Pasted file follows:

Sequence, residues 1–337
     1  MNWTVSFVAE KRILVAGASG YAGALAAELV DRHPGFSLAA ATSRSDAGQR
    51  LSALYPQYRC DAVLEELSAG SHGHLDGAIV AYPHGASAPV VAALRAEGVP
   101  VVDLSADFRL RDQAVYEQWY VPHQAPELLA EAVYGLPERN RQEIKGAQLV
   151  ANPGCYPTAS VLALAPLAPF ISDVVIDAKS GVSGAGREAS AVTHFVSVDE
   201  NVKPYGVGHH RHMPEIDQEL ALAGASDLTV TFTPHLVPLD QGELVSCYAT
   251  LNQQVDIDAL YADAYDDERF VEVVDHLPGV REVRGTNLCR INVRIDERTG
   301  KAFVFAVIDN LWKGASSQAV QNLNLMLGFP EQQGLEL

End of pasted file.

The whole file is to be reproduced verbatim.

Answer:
Sequence, residues 1–337
     1  MNWTVSFVAE KRILVAGASG YAGALAAELV DRHPGFSLAA ATSRSDAGQR
    51  LSALYPQYRC DAVLEELSAG SHGHLDGAIV AYPHGASAPV VAALRAEGVP
   101  VVDLSADFRL RDQAVYEQWY VPHQAPELLA EAVYGLPERN RQEIKGAQLV
   151  ANPGCYPTAS VLALAPLAPF ISDVVIDAKS GVSGAGREAS AVTHFVSVDE
   201  NVKPYGVGHH RHMPEIDQEL ALAGASDLTV TFTPHLVPLD QGELVSCYAT
   251  LNQQVDIDAL YADAYDDERF VEVVDHLPGV REVRGTNLCR INVRIDERTG
   301  KAFVFAVIDN LWKGASSQAV QNLNLMLGFP EQQGLEL